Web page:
The Grandmaster is Masterful!

By Henry Bailey

I don’t see many movies in theaters anymore these days. It’s not that I don’t enjoy the cinema – I’m just in the camp of people who have begun to find more enjoyable (and more affordable) entertainment elsewhere. Of course, for my movie needs, I tend to wait until something pops up on my Time Warner On Demand service, or any number of streaming options like Netflix, HBO Go, etc.

The truth is, though, most of my entertainment time is now sucked into thrilling games and activities. I might spend a whole afternoon sifting through Betfair Casino for an appealing poker tournament or new arcade option to put some real money on the line with. This online casino, to me, brings more interactive pleasure than the average movie experience coming out of Hollywood today, not to mention a more diverse range of entertainment. But this past weekend, I was tempted into a film by a review from Peter Travers, and I have to say – “The Grandmaster” is worth every penny of my matinee ticket (not to mention the $12.50 my popcorn and drink cost me).

If you’re unfamiliar with the concept of “The Grandmaster,” it’s something of a pseudo-biographical film depicting the well-known (at least in martial arts and martial arts movie circles) Ip Man, the legendary martial artist master who trained, among many esteemed proteges, Bruce Lee. The film was directed by Wong Kar Wai, and stars the increasingly legendary Tony Leung as the Grandmaster himself.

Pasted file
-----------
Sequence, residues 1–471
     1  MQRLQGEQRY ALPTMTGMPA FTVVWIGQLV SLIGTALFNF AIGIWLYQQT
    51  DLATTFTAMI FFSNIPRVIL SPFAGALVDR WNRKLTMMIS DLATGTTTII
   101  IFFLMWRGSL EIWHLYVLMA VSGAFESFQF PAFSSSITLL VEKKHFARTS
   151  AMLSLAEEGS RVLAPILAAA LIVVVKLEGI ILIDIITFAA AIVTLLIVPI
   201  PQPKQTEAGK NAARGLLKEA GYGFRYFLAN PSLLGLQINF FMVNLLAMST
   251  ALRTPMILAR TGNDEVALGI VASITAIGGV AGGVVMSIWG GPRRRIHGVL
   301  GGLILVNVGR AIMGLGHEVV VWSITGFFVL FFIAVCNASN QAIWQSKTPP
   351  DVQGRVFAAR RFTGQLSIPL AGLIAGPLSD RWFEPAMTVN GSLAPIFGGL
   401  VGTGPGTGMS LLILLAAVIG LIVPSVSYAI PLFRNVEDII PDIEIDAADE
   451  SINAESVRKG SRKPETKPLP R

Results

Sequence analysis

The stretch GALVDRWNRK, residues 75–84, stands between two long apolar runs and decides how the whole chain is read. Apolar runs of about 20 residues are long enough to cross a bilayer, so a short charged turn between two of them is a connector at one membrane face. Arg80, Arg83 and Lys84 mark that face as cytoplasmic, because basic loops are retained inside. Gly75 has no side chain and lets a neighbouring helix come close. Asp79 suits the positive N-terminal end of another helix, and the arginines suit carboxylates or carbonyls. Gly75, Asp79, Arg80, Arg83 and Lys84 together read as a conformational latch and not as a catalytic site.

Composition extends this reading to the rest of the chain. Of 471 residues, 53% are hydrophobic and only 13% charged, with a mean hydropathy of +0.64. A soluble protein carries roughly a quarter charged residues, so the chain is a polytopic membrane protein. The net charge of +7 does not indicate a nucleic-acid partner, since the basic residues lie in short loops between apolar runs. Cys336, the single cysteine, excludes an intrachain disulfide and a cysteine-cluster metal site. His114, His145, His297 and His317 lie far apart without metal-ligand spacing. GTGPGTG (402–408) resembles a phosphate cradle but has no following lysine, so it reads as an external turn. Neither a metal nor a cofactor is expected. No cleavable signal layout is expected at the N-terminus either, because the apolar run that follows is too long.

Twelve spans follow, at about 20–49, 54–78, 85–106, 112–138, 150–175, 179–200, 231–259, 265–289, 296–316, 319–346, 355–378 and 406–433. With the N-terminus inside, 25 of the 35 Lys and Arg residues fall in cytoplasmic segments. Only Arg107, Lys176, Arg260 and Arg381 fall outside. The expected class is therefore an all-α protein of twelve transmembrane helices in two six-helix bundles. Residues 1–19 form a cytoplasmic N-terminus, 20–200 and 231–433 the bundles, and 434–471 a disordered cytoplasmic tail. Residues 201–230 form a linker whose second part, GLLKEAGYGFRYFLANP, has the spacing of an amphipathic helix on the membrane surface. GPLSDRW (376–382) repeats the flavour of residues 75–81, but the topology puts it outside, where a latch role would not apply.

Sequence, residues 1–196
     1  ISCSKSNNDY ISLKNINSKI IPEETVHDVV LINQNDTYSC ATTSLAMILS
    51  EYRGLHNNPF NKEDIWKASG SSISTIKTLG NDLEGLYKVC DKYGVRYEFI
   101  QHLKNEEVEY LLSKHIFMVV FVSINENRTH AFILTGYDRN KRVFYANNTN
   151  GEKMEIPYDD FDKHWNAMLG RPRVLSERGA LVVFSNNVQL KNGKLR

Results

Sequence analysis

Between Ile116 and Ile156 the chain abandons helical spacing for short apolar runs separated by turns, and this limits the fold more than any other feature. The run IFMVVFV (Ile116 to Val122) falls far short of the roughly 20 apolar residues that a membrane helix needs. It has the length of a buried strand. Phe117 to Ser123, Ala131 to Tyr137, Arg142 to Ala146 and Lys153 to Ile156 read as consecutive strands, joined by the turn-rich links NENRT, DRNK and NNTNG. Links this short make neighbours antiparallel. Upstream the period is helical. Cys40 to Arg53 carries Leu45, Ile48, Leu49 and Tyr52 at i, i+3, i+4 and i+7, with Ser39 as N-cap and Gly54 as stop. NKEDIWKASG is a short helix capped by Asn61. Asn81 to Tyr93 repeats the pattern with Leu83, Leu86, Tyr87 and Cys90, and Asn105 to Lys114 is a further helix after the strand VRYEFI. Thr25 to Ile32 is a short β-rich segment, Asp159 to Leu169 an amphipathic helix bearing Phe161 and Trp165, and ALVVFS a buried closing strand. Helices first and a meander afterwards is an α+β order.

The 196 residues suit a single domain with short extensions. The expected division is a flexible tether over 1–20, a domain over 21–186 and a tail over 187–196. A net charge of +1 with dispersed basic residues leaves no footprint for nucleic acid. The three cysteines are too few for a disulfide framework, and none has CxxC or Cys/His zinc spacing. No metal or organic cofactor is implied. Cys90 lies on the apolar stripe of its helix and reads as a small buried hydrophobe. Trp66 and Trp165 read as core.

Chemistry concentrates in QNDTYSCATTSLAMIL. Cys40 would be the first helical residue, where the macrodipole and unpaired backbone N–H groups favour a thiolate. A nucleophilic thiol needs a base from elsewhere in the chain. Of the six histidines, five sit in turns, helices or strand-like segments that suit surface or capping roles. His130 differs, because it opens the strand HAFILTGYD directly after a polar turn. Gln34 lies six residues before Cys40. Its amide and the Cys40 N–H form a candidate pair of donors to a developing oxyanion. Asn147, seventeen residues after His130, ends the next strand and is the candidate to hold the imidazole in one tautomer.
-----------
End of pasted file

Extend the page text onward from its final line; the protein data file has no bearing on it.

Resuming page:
If you heard the film’s tagline – “The Grandmaster will be revealed” – saw the trailers, and generally paid attention to the basic concept, you were probably expecting (as I was) yet another martial arts movie that vaguely struck a note as a years-later follow-up to “Crouching Tiger, Hidden Dragon.” I don’t mean to belittle the genre by any means, but Ang Lee’s “Crouching Tiger” was just so good – and so original – that many fine martial arts films since have felt like lesser versions of the same idea.

What will strike you if you see “The Grandmaster” is that it’s so much more. This is a film about history and love as much as it is one about martial arts, and as such Wong is able to make it a film that completely removes you from real life for a few hours – which, really, is exactly what we want the cinema to do for us, and exactly why this movie is worth the price even in today’s world of advanced home streaming services. Following Ip Man (Leung) through his defeat of a rival and semi-attraction/ensuing rivalry with his daughter (played by the always wonderful Ziyi Zhang), the movie gives you a true sense of Chinese history in the high age of martial arts, and shows you breathtaking and varied scenery along the way.

All in all, “The Grandmaster” is not perfect as a narrative experience, but as a movie meant to showcase not only a genre but the history behind it, it truly is masterful.

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